Nathan stewed quietly in the waiting room outside Charles Somerset's office. The clatter of obsolete typewriters echoed down the cold, plastercast hallways of the Pentagon. Nathan wondered how people could work here, and how they could think clearly in such a hostile environment. One answer chilled him: perhaps theycouldn'tthink clearly here. Perhaps they couldn't think here at all.
He closed his eyes, washing out the sounds and the distractions, trying to wash the irritation from his mind as well. He knew he would need his greatest powers of perception for this meeting. Each of his few other attempts to talk with FIREFORS people had met with either curt civility or expansive emptiness, both well-designed to prevent outsiders like Nathan from acquiring useful information. Yet now the program manager of FIREFORS had asked to see him. That could only mean an ambush. What was the PM of FIREFORS planning?
He heard a door squeak on its hinges and opened his eyes.
At first Nathan thought he was looking at a successful, cultured street beggar. Charles wore a brown suit that might have been slept in; clearly, it had been cut to hang limply on its owner. His striped red tie sagged in a sloppy knot near the collar. His eyeglasses had slid far down his nose, and his hairline had receded far up his forehead.
Charles continued to open the door. His lethargic care with the task kept pace with the slow slide of his eyeglasses; his smile of greeting brightened in harmonic time with both.
His every movement seemed soggy except that of his eyes. Beneath heavy lids, they darted across Nathan's face and posture. "Welcome," Charles said with a voice of dispassionate amusement. With a moment's energetic effort, he raised his eyebrows. "Welcome to the team."
"Welcome to what team?" Nathan asked as he followed the program manager through the door.
"Why, the FIREFORS team, of course."
Nathan studied the schizophrenic arrangement of books and papers in the office while Charles's words sank in. "What do you mean by that?"
"You're a member of the team now.Myteam." After showing Nathan a chair next to the conference table, Charles retrieved a single sheet of paper from his desk. "This is a letter from General Hicks to General Curtis, authorizing transfer of Sling Project oversight to FIREFORS. It was mailed yesterday."
Charles Somerset had gained the power to destroy the Sling. Nathan sensed Charles's condescending gaze upon him. He realized that in some drab yet hideous fashion, this moment qualified as a great victory for Charles.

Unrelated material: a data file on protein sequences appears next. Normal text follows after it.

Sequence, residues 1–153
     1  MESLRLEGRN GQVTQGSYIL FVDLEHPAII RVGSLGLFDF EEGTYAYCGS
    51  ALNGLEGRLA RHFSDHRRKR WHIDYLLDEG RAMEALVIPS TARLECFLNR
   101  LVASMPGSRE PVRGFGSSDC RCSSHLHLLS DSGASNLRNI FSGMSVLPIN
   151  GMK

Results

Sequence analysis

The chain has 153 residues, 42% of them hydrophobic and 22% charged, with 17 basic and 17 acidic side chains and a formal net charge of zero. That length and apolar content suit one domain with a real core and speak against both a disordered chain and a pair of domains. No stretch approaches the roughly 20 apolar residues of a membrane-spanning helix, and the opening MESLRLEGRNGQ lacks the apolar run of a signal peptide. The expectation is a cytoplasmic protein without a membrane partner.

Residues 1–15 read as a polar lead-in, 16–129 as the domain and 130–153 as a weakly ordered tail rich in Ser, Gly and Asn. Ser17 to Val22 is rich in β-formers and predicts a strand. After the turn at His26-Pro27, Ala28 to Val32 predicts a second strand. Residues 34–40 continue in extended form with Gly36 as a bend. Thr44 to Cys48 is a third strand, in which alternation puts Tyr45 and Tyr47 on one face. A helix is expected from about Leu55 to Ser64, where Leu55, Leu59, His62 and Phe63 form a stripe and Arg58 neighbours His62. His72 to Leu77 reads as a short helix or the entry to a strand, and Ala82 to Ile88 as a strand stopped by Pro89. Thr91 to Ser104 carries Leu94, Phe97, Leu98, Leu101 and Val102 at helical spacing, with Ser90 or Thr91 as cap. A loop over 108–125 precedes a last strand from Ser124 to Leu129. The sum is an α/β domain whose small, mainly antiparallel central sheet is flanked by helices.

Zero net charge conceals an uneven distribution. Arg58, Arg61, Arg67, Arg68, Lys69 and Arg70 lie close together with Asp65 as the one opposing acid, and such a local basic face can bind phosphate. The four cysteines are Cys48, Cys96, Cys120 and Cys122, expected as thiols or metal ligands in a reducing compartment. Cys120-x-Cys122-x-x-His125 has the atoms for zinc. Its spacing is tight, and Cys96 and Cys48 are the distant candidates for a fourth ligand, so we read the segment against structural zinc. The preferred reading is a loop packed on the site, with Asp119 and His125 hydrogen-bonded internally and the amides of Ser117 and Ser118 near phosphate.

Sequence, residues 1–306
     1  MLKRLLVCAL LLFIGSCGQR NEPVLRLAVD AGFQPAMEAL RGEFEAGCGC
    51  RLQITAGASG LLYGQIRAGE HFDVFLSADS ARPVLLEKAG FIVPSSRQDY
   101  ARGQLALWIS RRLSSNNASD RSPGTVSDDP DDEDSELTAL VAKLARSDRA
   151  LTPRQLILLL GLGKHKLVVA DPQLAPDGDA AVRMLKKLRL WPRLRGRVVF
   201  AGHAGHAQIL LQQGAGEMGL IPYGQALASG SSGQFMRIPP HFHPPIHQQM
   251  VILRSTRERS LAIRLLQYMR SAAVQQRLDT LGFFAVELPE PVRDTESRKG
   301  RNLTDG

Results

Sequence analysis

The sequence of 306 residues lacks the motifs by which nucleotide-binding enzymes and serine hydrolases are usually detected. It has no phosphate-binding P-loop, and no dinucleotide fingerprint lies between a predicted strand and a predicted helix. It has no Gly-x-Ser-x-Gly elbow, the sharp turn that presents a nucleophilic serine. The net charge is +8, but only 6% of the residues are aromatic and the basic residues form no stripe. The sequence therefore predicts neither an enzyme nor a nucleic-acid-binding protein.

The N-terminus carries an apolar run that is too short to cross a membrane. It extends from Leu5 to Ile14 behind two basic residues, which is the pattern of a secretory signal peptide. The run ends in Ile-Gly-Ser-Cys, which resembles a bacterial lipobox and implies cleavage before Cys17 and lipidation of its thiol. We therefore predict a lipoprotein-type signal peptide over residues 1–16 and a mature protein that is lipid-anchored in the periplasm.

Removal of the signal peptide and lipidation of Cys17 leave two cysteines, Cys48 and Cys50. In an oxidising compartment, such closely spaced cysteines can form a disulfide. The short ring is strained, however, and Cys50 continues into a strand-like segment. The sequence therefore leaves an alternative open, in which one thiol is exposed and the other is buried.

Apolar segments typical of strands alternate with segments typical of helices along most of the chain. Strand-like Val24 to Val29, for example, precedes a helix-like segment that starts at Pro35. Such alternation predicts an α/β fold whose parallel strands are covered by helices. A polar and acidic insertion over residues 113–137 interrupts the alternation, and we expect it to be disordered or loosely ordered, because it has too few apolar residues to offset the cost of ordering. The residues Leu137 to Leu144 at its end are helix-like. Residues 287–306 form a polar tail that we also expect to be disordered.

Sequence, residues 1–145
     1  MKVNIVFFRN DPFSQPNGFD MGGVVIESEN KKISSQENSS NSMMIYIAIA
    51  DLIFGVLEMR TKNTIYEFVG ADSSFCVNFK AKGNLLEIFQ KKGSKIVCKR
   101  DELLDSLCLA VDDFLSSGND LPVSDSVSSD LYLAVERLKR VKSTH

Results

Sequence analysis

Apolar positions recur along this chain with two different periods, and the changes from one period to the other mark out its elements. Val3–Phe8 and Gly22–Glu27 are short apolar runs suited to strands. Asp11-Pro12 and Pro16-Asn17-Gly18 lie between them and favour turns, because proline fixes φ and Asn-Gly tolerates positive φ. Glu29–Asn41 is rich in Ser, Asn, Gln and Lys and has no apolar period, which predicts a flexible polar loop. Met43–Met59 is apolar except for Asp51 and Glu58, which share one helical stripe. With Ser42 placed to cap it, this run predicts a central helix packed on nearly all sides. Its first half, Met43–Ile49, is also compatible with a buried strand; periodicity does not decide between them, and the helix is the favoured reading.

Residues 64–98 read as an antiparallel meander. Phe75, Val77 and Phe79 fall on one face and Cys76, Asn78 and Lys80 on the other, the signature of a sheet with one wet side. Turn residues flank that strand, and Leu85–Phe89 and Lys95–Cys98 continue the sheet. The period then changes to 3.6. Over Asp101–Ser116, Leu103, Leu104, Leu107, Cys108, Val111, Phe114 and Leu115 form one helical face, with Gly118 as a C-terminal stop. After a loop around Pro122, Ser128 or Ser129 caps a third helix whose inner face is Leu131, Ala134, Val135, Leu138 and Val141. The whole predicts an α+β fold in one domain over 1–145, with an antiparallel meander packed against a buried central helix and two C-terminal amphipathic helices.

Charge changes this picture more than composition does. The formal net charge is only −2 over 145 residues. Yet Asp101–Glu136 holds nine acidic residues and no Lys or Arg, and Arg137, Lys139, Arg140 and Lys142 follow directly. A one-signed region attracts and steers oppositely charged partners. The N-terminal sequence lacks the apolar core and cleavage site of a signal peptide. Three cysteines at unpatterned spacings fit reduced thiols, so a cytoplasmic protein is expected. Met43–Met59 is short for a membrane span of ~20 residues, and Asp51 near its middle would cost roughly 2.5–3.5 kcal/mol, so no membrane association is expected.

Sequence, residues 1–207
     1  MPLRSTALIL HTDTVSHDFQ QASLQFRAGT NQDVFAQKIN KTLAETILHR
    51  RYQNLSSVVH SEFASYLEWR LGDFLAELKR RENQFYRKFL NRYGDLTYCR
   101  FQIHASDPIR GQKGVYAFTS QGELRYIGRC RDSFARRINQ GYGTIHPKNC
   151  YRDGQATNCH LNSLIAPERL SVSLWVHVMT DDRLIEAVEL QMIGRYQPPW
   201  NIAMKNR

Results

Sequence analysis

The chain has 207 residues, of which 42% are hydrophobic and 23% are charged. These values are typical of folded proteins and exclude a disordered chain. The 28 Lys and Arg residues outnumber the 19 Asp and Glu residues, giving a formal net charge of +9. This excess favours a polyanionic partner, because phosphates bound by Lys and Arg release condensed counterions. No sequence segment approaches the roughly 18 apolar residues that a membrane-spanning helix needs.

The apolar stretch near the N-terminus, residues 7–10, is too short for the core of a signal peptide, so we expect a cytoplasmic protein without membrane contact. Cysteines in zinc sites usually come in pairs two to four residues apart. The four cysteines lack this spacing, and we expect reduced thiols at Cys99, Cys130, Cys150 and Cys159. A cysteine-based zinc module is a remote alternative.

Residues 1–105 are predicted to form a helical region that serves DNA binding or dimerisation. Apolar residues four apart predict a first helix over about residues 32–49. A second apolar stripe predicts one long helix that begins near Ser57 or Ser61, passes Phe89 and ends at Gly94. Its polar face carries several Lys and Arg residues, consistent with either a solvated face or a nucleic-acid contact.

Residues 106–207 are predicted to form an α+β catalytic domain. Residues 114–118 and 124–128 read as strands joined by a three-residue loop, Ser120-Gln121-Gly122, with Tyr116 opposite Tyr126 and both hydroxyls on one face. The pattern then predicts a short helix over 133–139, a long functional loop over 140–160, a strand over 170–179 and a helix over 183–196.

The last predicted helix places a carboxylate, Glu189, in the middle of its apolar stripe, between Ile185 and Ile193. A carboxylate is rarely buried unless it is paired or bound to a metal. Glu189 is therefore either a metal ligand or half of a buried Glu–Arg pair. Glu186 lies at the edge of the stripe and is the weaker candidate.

"Of course, the letter probably won't penetrate the bureaucracy to your contracting officer until tomorrow. But I thought you should know about it as soon as possible. We need to get a jump on the changes we'll have to make in the Sling. We need to get it into line with the rest of our projects."
Nathan looked up at him for a painful moment, then accepted a copy of the letter—both to read it and to take a moment to collect his thoughts.
There has been too much national coverage—the words jumped at Nathan from a middle paragraph—of supposed FIREFORS competition with the Sling Project. I agree with you: it makes no difference whether the competition is real or not. We must consolidate.
Nathan stared at the letter for a long time, to recover for continuing the psychological game now underway. He knew who he needed here: he needed Leslie. Leslie, with his years of maneuvering through military politics, would have known how to respond. But he would be out of town all week.
It probably didn't make any difference. The letter, the change in organization, each was now afait accompli. Had it been possible for the Institute to do anything about it, Somerset surely would not have offered the information.
What Nathan really wanted to do was cut and run—just leave the room and the Pentagon and Charles's smiling face behind. But Charles was now in some sense both his boss and his customer; however dangerous that might be, he would only aggravate the danger by being nasty.
Charles scraped a chair across the floor to join him. "You all right?" he asked with too much pleasure and too little concern.
"Of course," Nathan said, straightening to look Charles in the eye. "You realize that just because this letter has been mailed, this isn't official yet. Since I share your concerns about following proper procedures, I can't make any commitments without authorization from my contracting officer."
Charles seemed taken aback by the astuteness of this response, but he recovered quickly. "No problem, it will be official soon enough. I was just planning to give you some general guidance now, anyway. We'll have a more detailed discussion of the new directions after you talk with DNA. And we'll get really explicit, down to the nitty gritty, after a complete project review." Charles looked wistful for a moment. "If we had our way, we would put a stop work on the project temporarily, until our re-evaluation is complete." He paused, a look of distaste crossing his face. "But we haven't been authorized to do that."